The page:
Wednesday, August 17, 2011

Ballers Still Practicing

Less than 24 hours after an 11-month investigation by Yahoo! unfurled a tsunami of allegations of improper benefits made by former booster Nevin Shapiro to players and former coaches at the University of Miami, Al Golden and his team returned to the practice Wednesday morning.
And the 12 current players who were implicated by Shapiro in the Yahoo! story were out there in uniform, too – albeit under a much more subdued setting.
Safeties Ray-Ray Armstrong and Vaughn Telemaque; linebacker Sean Spence; quarterback Jacory Harris; receivers Travis Benjamin and Aldarius Johnson; tight end Dyron Dye; defensive tackle Marcus Forston; defensive ends Adewale Ojomo, Marcus Robinson and Olivier Vernon; and cornerback JoJo Nicolas were all involved in practice Wednesday. The question now – as the team tries to move forward under a cloud of an NCAA investigation – is for how long.
“Right now, the only facts I’m going by are what we received from the NCAA and the university from a compliance standpoint. Until we hear an infraction or that we did break a rule, everybody is practicing,” said Golden, who also told reporters he has yet to read the Yahoo! article. “If it is determined that somebody broke rules, then certainly it will first be dealt with from a university standpoint, from an eligibility standpoint.”
Golden, the only person at UM to speak to the media since news of an NCAA investigation in Coral Gables broke Sunday night, said though the last 24 hours have been difficult he’s still focused on getting his team ready for its Sept. 5 opener at Maryland. By then, he hopes, the NCAA will have determined or let him and his staff know who might have to sit out.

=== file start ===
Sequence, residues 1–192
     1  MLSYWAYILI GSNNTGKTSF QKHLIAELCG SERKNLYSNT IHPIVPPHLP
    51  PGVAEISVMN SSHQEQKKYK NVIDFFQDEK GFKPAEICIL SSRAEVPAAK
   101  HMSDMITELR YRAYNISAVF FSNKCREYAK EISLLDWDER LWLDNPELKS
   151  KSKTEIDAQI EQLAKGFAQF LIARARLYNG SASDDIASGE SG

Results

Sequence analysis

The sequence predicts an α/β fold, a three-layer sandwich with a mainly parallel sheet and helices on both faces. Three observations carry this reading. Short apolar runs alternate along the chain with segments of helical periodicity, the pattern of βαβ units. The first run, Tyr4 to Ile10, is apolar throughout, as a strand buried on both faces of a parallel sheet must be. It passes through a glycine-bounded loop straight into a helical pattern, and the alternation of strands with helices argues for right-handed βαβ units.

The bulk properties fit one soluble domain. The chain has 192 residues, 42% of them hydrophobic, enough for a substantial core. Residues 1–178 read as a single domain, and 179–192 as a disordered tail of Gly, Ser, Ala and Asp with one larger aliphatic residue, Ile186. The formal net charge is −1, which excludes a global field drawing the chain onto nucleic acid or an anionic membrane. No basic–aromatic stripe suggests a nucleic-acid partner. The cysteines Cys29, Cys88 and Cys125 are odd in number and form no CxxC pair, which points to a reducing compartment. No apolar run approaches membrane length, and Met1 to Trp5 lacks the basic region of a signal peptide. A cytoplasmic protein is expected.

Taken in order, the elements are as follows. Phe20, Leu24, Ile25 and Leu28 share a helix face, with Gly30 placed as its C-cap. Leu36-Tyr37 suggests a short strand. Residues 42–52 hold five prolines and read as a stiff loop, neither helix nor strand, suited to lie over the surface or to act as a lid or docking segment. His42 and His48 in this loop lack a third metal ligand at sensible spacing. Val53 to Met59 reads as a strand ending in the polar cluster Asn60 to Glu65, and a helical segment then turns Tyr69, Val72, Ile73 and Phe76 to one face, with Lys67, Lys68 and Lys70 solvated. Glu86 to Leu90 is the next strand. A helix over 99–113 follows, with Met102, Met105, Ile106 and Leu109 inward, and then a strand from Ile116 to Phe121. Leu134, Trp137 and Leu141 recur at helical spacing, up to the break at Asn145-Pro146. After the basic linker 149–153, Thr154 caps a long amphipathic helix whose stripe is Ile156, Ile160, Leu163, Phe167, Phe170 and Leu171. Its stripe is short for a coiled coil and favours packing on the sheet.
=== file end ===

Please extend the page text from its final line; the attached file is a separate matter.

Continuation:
“If there are guys that are going to have to sit out games, then we’ll adjust our practice accordingly,” Golden said.
“Whatever the number that is being interviewed right now or being named, that makes up less than 10 percent of our team. It’s really important to understand we have a lot of guys in that locker room that do things the right way and come from great families and have made good decisions and want to improve today and want to get better. We have to manage this team – not just the guys that if they did make a mistake [will be out].
Golden said his message to his team has been not to judge any of the 12 players potentially involved in the Shapiro allegations.
“I would hope they would learn from them,” Golden said. “We’re in an educational setting. It’s no different than if a student makes a mistake on campus. We don’t toss them out. We don’t turn our back on them. We try to educate them. And they’re all at an age right now if they were exposed to Mr. Shapiro, clearly we have to make sure we prevent that going forward.”
Golden, who already has one of the nation’s top recruiting classes in place with 24 commitments, said assistants began making calls to recruits Tuesday night. The message: Sit tight.
“I think their [high school] coaches obviously wanted to wage what the heck was going on. So our coaches got in contact with their coaches and ultimately with the recruits,” Golden sad. “Until I know what the facts are and I know what’s going on, it’s important we don’t rush to judgment and start saying things I’m not privy to. With us, we’re trying to move forward quickly.”
Golden, who took over for Randy Shannon in December, said Tuesday he had no knowledge that any investigation by the NCAA might be coming down the shoot. Asked Wednesday if he felt the university had the responsibility to inform him of it when they hired him, Golden said: “Only if they knew. If they knew this was percolating then I believe they did have a responsibility to tell me. I believe they had the responsibility to tell [athletic director] Shawn [Eichorst].”
Asked if he felt broadsided by what UM is facing, Golden said: “No. We’ll get through this.”

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